The age of our subject is not only a sign of aging, but also a state of mind, and it seems that emotions have an effect on people, at least in the short term. A Research If you make adults sad, by giving them sad readings or music, they will feel old later. The opposite may also be true. other Research It found that older adults who were given positive feedback on a memory test and told they performed well compared to others felt younger. They performed better in the next test.
Exercise and stress reduction also have positive long-term effects on human lifespan, Wettstein said.
In poetry, correcting the stereotypes of the elderly can help people feel younger because aging can lead to a self-fulfilling prophecy. in one A recent studyHoffman and his colleagues asked 134 older adults to keep daily diaries about their subjective age, age attitudes (eg, “Old people shouldn’t even try to do well”), and depressive symptoms. Participants who were older and held more ageist attitudes had more daily depressive symptoms. “If you think about it [badly] “If you have negative age attitudes about aging, you will feel old,” Wettstein said.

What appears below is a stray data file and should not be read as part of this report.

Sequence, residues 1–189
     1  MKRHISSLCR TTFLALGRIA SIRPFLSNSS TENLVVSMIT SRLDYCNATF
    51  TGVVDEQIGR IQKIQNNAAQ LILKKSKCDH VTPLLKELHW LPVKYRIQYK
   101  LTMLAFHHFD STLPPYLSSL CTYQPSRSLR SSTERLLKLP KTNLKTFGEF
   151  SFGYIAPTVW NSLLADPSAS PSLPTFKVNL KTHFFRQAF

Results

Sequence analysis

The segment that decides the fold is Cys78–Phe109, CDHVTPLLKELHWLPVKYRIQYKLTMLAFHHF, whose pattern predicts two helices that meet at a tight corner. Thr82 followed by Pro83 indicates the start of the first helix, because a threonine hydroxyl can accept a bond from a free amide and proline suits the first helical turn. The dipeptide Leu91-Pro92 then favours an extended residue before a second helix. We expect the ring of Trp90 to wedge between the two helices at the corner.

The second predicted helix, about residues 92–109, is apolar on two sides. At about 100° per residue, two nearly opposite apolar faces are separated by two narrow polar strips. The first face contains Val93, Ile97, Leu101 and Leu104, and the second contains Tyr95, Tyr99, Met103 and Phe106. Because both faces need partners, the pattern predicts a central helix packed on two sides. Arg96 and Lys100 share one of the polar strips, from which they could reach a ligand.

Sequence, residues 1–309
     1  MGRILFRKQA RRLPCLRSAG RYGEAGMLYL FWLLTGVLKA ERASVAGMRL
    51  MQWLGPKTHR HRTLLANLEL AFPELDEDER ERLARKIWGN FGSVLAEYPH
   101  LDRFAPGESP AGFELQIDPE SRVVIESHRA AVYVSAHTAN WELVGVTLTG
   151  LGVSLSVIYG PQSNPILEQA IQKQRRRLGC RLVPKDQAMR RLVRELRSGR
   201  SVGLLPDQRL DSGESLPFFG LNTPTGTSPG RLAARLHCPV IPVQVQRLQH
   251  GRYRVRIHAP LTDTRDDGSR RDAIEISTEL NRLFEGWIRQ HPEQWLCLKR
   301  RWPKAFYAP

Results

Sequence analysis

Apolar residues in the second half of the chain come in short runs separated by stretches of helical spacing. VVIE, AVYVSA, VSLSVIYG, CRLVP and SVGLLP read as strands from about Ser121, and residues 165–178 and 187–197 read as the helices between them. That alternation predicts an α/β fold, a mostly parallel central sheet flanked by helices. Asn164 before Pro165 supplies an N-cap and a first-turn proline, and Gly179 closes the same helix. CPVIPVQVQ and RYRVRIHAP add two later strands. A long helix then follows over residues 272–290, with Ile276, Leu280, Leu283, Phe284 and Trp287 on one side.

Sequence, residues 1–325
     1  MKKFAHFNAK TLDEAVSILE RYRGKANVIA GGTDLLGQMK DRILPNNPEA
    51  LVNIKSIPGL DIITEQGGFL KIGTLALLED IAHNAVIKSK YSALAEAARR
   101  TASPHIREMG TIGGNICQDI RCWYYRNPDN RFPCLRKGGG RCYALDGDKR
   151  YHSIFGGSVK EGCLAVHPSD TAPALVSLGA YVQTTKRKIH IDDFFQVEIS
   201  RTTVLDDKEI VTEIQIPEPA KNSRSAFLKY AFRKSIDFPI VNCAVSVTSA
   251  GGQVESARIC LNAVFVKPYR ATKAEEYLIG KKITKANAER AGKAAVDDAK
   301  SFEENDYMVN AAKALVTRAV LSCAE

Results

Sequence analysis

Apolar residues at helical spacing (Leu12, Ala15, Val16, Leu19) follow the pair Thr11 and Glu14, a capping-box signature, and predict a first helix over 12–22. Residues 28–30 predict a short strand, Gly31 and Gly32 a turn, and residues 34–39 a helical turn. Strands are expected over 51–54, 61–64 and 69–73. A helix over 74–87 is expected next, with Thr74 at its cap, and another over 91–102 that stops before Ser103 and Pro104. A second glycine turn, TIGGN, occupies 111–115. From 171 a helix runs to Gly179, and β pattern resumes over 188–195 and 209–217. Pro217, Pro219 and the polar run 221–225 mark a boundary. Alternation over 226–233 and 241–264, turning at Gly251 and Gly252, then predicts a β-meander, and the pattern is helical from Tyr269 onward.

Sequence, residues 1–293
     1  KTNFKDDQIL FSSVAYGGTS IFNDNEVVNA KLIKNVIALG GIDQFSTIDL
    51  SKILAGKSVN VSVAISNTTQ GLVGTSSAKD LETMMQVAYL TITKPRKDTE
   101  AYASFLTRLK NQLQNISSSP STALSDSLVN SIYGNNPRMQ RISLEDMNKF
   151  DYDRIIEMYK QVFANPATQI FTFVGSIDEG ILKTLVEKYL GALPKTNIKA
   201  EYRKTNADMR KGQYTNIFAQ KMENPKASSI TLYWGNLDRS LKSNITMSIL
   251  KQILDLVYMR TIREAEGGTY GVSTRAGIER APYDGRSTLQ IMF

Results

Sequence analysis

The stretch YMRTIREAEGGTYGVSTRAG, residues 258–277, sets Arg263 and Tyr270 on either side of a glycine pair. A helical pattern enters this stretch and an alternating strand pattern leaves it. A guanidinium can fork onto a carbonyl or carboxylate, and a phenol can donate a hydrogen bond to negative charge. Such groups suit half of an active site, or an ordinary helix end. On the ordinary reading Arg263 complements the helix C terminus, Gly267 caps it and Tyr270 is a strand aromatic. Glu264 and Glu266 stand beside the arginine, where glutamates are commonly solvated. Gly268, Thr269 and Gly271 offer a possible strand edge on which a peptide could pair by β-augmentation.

Educational programs that correct age stereotypes such as older adults are naturally more forgetful; Show promise To improve the attitude to aging, said Wettstein.
Part of a healthy aging journey can be adjusting and managing expectations and not pitting our 60-year-old self against someone in their 20s, Wettstein said. It indicates that Security Paradox, where people perceive older and older adults to be less secure than younger adults. “In reality, we see that older adults are less secure than younger adults,” Wettstein said. “This is resilience.”
Have a question about human behavior or neuroscience? email BrainMatters@washpost.com And we can answer in a future column.